I've been asked if we were from the Isle of Man - while like most Americans I can trace my ancestry down several paths it's clear that Corkill originated from the Isle of Man and to some degree from Dublin Ireland. I've been told the origination of the name dates from Mac Thorcaill. Wikipedia describes the origin as:
Which may well indicate an ancient family history of blacksmithing.
Wikipedia matches what I've been told, Thorkell was one of a series of the Kings of Dublin (Wikipedia lists two "mac Torcaills" in the mid 1100s, other references have spelled that with an "h"). The Vikings established a stronghold where modern day Dublin is and ruled it until the late 1100s when the Normans invaded in 1171 at the behest of Henry II.
While the Vikings were masters of the North Sea and controlled what they referred to as the Kingdom of the Isles, they used the Isle of Man as the base for their raids on Ireland, England and Scotland. They controlled the Isle of Man from the mid 800s through to the late 1200s AD. From that point on Scotland and England traded control through battle until it settled under the feudal lordship of the English Crown in 1399.
For such a small island (33 miles by 14 miles long, a population of just over 80,000) it has a rich history. The island's parliament, Tynwald, is reportedly the oldest continuously existing ruling body in the world.
My great great grandparents (David Corkill and Catherine Sayle) were born on the Isle of Man and came to the United States in the 1800s, settled in Illinois then moved to Kansas as farmers. After World War II their children spread to Texas, Arizona, Virginia, South Carolina and many other states. I presently live in Boulder, Co with my wife and three daughters.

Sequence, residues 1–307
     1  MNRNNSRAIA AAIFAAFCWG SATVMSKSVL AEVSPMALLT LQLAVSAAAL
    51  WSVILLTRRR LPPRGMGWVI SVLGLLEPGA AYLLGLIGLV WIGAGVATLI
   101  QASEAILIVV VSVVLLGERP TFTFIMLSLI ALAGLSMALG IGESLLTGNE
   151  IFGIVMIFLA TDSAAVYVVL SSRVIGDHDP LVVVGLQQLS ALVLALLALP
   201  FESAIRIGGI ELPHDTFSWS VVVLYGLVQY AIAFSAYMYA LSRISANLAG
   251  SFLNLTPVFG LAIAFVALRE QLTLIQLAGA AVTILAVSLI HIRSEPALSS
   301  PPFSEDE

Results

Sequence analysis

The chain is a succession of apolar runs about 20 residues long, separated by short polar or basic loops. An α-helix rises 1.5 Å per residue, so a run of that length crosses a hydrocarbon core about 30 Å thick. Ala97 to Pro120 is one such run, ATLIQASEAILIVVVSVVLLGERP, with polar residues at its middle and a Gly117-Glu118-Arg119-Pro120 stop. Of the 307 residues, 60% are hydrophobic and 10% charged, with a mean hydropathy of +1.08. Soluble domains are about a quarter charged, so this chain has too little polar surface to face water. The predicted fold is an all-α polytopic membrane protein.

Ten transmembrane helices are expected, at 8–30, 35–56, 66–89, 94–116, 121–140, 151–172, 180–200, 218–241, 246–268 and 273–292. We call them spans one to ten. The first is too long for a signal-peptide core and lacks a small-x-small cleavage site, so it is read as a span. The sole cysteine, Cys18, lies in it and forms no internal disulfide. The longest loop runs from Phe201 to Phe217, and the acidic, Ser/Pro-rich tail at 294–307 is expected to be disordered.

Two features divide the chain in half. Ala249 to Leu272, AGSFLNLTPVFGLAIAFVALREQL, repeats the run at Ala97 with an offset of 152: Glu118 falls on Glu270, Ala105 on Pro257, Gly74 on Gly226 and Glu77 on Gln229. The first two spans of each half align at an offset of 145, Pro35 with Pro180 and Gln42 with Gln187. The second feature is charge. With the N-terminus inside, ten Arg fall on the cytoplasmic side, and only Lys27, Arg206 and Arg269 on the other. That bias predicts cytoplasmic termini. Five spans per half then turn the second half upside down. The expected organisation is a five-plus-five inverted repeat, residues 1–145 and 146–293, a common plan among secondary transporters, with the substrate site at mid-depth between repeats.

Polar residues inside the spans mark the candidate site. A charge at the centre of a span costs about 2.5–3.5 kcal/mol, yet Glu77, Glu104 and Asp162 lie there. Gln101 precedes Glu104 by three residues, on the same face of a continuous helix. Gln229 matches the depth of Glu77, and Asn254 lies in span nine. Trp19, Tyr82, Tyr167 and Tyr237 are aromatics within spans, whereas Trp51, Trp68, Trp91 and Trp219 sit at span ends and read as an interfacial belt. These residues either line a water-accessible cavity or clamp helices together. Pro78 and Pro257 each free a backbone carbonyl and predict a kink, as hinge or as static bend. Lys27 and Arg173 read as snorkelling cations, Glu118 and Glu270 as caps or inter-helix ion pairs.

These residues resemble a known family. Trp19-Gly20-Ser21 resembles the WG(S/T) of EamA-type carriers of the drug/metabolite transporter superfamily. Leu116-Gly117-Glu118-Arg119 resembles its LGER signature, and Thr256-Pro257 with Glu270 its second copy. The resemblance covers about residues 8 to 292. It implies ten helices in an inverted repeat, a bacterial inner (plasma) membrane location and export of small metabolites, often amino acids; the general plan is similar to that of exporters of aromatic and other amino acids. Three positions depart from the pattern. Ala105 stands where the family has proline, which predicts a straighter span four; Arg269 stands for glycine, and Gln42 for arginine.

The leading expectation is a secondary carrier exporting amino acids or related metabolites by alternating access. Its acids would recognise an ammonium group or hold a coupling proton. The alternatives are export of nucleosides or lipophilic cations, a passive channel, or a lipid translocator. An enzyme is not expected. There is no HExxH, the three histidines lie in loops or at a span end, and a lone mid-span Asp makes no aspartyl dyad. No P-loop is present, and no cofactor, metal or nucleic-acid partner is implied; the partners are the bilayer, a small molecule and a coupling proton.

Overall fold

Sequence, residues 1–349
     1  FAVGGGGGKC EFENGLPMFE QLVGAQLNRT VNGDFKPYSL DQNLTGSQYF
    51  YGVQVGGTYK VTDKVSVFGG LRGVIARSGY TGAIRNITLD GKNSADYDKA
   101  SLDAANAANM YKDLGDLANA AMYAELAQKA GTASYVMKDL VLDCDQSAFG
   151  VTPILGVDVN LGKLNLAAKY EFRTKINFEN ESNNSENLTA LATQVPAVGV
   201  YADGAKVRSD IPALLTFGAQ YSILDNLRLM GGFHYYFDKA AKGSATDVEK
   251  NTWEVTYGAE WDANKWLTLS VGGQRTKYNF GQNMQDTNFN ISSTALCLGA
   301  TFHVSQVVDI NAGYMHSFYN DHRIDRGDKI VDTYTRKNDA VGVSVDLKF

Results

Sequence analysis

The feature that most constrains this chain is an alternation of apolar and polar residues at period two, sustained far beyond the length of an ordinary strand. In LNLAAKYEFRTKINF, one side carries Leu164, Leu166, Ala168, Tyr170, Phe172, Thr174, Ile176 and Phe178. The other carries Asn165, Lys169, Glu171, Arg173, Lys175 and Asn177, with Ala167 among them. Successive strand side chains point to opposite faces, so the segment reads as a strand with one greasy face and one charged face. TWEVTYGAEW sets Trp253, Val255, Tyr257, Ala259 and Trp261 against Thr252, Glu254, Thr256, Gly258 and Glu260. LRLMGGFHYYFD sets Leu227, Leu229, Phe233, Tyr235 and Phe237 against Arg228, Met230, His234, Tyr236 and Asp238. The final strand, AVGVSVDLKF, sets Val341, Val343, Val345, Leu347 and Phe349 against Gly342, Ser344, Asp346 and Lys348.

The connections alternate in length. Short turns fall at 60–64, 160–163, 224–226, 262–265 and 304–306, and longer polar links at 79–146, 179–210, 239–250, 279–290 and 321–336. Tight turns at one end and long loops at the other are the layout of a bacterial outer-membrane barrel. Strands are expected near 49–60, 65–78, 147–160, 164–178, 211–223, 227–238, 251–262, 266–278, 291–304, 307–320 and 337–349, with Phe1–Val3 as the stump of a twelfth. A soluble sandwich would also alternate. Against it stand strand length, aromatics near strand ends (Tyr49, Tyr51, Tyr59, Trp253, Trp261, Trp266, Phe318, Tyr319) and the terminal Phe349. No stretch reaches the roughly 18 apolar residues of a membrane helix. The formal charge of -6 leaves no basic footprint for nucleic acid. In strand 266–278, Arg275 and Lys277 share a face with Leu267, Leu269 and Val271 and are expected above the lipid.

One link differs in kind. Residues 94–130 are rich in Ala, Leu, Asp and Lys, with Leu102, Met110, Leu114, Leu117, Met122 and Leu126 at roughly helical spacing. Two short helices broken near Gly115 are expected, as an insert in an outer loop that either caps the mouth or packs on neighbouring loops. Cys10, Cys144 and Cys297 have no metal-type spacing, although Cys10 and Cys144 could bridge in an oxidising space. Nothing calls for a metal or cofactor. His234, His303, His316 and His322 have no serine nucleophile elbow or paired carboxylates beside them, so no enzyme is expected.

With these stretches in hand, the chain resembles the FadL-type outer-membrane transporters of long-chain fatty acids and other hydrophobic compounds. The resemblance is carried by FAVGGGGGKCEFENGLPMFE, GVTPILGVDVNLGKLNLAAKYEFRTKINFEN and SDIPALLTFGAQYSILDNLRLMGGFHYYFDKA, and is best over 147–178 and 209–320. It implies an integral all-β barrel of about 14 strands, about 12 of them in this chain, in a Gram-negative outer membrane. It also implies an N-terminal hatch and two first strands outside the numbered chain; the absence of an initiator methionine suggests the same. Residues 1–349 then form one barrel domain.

It's important to note that names can be complex to track down, heck I have co-workers that today insist on putting an "h" in my name (Corkhill)! You can imagine that with the varying languages present on the island throughout its history followed by explaining how to spell your name on Ellis Island in what may well be a foreign if not heavily accented tongue It's highly possible that a McCorkill, McCorkel, Mac Corkill, Thorkel, etc are in fact distantly related. Language and records are always a challenge.
As an example this is an interesting treatise available on ancestry.coms Australian version on the history of the Corkells that ties the name to a root from Thorketil, spelling as McCorquodale:
"shed some light on in the chapter on the McCorquodale Clan it states :the
surname McCorquodale means son of Thorketil, itself an old Norse pagan name meaning ' Cauldron of the Thunder spirit '."
Now that's a new one (McCorquodale)!
I hope to add more information on the Isle and my ancestors over the coming months,
While I am presently more than fully employed, I hope to visit the Isle of Man within the next 12-24 months.
If you would like to contact me, I can most easily be reached through email : corkill AT gmail.com.